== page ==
Dani Rowe declares Prudential RideLondon ‘a perfect day’
4 Aug 2019, 3:45 p.m.
British Olympic champion Dani Rowe rode side by side with thousands of cyclists of all ages and abilities in the Prudential RideLondon-Surrey 100 sportive on Sunday and, just like all of them, ended up declaring what a simply perfect day it had been.
This time last year, Rowe was winning the sprint classification in the professionals’ race, the Prudential RideLondon Classique, but the recently-retired three-time world champion found the new experience of completing a more leisurely – if lengthier Sunday spin – the Prudential RideLondon-Surrey 100, just as satisfying in its own way.
The 28-year-old rider completed the first leg of her intended treble of ‘London Classics’ in just over four-and-a-half hours, and intends to complete the hat-trick by completing Swim Serpentine in September and then running next year’s Virgin Money London Marathon.
“It was absolutely amazing today, riding on such iconic roads, and safe roads, with so many fans out on the road, cheering us. I was just buzzing all the way round,” smiled Rowe, who is raising money for the British Heart Foundation.
Fabian Cancellara, Switzerland’s double Olympic champion, was also a surprise face among an estimated 30,000 riders who took part in the three mass sportive events and could hardly credit how enjoyable the experience had been.
“It was amazing. I’d already done some public rides before but I think this one is really special, just like the messages behind it – for health, and for the environment. To have this many thousand people on not an easy route, I think the organisers have done an amazing job and given a great message to the world,” he said.
The great 38-year-old one-day specialist, who retired at the end of 2016, had taken little persuasion to make the late decision to take part alongside Hugh Brasher, the Event Director, and was glad that he did, as he enjoyed the Prudential RideLondon-Surrey 46 event.
This was the shorter version of the 100, which started early from Queen Elizabeth Olympic Park, and saw thousands streaming along closed roads through the capital.
Plenty of the riders had no clue they were riding with a legend known as ‘Spartacus’ who has won four world titles, eight stages of the Tour de France and a whole series of one-day Classic races.
“There were one or two people who recognised me, and one or two who thought they knew me – but there were others who didn’t have a clue and this is exactly what I like. This was not a professional event but an event for the people who can get inspired by riding a bicycle. Forty-six miles – it was the perfect, early Sunday ride,” smiled Cancellara.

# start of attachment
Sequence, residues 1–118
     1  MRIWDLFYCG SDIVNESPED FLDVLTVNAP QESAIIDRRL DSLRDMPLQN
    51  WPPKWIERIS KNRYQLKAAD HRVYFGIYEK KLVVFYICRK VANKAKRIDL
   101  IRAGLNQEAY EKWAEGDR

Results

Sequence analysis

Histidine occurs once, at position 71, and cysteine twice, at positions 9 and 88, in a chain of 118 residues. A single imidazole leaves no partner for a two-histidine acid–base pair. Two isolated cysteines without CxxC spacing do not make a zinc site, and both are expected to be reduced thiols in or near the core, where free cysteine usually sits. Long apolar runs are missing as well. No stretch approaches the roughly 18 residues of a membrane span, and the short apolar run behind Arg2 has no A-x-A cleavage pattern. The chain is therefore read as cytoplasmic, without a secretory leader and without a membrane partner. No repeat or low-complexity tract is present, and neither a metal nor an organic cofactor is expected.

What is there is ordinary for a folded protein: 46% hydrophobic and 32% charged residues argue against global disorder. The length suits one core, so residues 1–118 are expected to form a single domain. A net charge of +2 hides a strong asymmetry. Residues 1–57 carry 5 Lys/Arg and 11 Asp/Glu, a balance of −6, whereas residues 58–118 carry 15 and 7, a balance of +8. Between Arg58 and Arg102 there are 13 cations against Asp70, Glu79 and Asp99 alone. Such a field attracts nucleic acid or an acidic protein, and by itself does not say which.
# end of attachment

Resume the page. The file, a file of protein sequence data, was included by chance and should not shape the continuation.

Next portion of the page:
The sentiment was felt by everyone, even celebrities like Martin Johnson, England’s 2003 World Cup-winning rugby captain who has tackled the last six 100s and found this one probably the hardest on a warm morning as he battled round in four hours 42 minutes and 17 seconds.
“I went out too fast over the first 20 miles and thought ‘oh, this is going to be hard’ - and it was!” said Johnson, who could not hide his exhaustion at the end of the event. “It was still enjoyable, though - it always is.”
Like the singer and record producer Lemar, Johnson gets hooked into taking part annually. “If you want to know how good it is, all you need to know is that this was the fourth time I’ve taken part. It was exhilarating when I first did it, and it still is,” said Lemar, who finished in just over six hours.
The cyclists had been presented with a much more gentle experience than last year, when cold and miserable conditions proved really trying.
“In 2018, I crossed that line shivering, an emotional wreck and I didn’t want that to be my experience of RideLondon so I thought I’d come back next year and break my time – which I did in about six hours – and really enjoy the experience,” said Gail Emms, 2004 Olympic badminton silver medallist.
“I’m not a cyclist – but today I feel like I’m a cyclist. I feel I’m in a cycling community. It’s a humbling and inspiring day,” added Emms, whose Olympic doubles partner Nathan Robertson also took part.
The 30,500 riders who tackled the sportives were raising millions for charity through their efforts and for some Olympians, like Dame Sarah Storey, one of the heroes of the 2012 Paralympics, it brought back fond memories.
“Everyone loves the chance to ride on the route that was held at the Olympic Games,” said the 14-time Paralympic swimming and cycling champion. “Having a bike festival like this is fantastic, an opportunity for people to get together and ride their bikes and have some fun. That’s what it’s all about.
“This is the city leading the way in the UK with its cycling infrastructure,” added the woman who is now trying to do the same for Sheffield.
“It was brilliant. I’d definitely recommend everyone to get involved with RideLondon.”
So would we. The online ballot entry system for the 2020 Prudential RideLondon-Surrey 100 on Sunday 16 August officially opened today, so you can also get the chance to ride those 100 unforgettable traffic-free miles through London and Surrey.
Entry costs £79. The ballot entry system will remain open until 80,000 registrations have been received or Friday 3 January 2020, whichever is the earlier.
Brasher summed it up: “It has been an incredible weekend. The seventh edition has without doubt been the biggest and best yet, inspiring more people than ever to get on their bikes.
“Prudential RideLondon truly is the world’s greatest festival of cycling. From small kids on bikes in the FreeCycle event to the best pro cyclists taking part in the world’s richest one-day races, this weekend has it all.
“It’s amazing to see so many people out on their bikes and supporting this event. We work to make it better every year and we’re already looking forward to the eighth edition in 2020.”